Will PowerShell ever support multi-threading out of the box?

In recent months I’ve seen classes released, and as more and more features are added, PowerShell’s audience and capability is expanding. Some of the audience won’t be the people writing the tools, but those using it, and to make GUIs effective, I imagine we’ll need similar WPF & WinForm support for PowerShell as we do for C#.

A workaround for multi-threading is using PSJobs, sapien forums have some great functions built to help with this, and it does work quite well, but it’s limited. So, do you think PowerShell will have multi-threading introduced, similarly to background workers?

Speaking of GUI, do you think we’ll see Visual Studio tools released for PowerShell WPF?

I’m interested to hear if anyone else thinks this is necessary, or if it’ll happen.

Hi Stephen,

Regards GUIs and other functionality, it’s important to bear in mind that PowerShell sits on top of the .NET framework, so you have a wealth of classes already available to you.

Regards winforms, system.windows.forms (if i recall right) has everything you need to create a GUI. PowerShell Studio is one option that provides you with a graphical design environment. If you’ve used it at all, use the export option and you can view the powershell code it generates.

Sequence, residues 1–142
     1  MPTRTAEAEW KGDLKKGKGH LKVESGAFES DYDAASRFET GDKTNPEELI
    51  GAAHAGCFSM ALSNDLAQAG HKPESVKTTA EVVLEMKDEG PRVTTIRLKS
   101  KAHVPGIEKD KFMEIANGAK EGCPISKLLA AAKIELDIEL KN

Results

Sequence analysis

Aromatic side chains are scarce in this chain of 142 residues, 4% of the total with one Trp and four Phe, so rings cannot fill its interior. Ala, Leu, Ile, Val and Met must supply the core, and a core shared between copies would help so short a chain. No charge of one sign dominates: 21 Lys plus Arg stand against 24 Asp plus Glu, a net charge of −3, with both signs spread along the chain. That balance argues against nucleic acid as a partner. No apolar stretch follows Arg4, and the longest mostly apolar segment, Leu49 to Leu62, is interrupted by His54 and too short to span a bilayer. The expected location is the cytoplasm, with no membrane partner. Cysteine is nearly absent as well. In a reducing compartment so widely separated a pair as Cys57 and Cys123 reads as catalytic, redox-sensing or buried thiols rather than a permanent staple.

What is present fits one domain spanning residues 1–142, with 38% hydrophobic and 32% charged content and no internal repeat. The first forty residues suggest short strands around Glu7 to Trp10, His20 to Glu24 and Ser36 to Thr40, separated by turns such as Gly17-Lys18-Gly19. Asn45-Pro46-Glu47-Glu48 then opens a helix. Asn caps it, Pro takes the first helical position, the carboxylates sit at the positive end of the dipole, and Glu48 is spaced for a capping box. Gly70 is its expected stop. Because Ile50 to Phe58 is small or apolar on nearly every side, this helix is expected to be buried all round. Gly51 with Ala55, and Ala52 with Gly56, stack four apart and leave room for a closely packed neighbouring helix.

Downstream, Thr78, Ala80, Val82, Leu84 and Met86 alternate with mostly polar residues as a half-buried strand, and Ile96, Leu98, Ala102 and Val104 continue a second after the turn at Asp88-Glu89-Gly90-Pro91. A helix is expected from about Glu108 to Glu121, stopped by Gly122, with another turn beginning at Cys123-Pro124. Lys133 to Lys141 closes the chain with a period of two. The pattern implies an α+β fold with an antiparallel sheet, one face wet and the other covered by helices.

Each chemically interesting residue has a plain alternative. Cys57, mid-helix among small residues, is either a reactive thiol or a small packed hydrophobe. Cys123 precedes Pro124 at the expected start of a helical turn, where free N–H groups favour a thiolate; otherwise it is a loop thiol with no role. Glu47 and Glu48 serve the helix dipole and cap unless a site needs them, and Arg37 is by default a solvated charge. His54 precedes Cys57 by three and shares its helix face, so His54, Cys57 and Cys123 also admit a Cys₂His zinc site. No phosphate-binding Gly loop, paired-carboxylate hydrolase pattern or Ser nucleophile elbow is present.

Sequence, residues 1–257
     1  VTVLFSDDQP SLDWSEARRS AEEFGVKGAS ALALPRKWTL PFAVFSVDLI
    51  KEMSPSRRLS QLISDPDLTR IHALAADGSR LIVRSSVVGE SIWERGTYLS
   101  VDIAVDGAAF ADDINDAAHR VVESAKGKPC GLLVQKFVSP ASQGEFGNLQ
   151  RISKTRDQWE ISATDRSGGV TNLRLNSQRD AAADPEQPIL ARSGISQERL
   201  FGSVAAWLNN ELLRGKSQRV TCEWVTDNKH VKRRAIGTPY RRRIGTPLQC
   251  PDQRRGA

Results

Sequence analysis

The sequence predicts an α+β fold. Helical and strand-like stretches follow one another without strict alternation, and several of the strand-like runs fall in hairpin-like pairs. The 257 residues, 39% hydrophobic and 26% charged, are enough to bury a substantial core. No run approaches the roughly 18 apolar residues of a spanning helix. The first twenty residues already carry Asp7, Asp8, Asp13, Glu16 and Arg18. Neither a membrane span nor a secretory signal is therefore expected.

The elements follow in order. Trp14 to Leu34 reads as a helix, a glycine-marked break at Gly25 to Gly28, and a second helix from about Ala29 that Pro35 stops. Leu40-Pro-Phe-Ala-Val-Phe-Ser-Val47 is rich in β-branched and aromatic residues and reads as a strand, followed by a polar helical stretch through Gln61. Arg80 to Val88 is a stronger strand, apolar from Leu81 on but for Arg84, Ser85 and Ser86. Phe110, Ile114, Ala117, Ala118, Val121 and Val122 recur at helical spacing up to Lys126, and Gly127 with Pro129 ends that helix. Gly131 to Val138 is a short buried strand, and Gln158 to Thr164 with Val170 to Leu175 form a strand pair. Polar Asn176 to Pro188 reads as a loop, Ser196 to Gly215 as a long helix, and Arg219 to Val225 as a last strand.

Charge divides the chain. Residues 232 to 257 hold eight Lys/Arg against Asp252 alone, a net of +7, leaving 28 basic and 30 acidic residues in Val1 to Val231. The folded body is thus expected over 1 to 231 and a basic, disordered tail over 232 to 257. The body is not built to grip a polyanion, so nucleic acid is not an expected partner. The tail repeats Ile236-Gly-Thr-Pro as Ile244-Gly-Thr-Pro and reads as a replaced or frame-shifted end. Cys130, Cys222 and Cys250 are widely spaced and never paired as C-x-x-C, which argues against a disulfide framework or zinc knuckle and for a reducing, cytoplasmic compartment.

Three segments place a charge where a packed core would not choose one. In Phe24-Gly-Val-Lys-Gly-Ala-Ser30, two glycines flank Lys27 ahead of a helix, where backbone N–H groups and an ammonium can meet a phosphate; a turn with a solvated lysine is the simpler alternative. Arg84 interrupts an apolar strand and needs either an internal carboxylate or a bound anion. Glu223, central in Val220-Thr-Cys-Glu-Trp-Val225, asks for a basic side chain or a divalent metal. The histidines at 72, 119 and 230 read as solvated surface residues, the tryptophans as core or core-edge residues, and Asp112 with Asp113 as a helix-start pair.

For WPF, there’s already plug in’s available for Visual Studio code and PowerShell. You can also export your WPF form design (XAML), and include it in your PowerShell code. Stephen Owen’s written a couple of blogs on how to do this :


Regards multithreading, Boe Prox has written a couple of great articles on the use of background Runspaces, which are worth a read :


I think Dave Wyatt’s also got a good bit of knowledge about multithreading as well, so he may be able to provide more in depth about multithreading and powershell.

Thanks for the reply Tim.

I do use PowerShell studio, but what I mean by support is the same level of rich tools for PowerShell as we have for C# in Visual Studio, your link for working with WPF looks useful though, so thank you.

The link to multi-threading looks useful, seems like a different approach to the one im currently using, so thanks for that!


Toolwise, (although in truth i’ve not looked at it yet), the impression i get from the community is that we can expect more and more from Visual Studio Code and developments taking place for it for PowerShell.

Over the next few years my personal opinion is i think we’ll see Visual Studio Code as becoming the defacto development environment for PowerShell.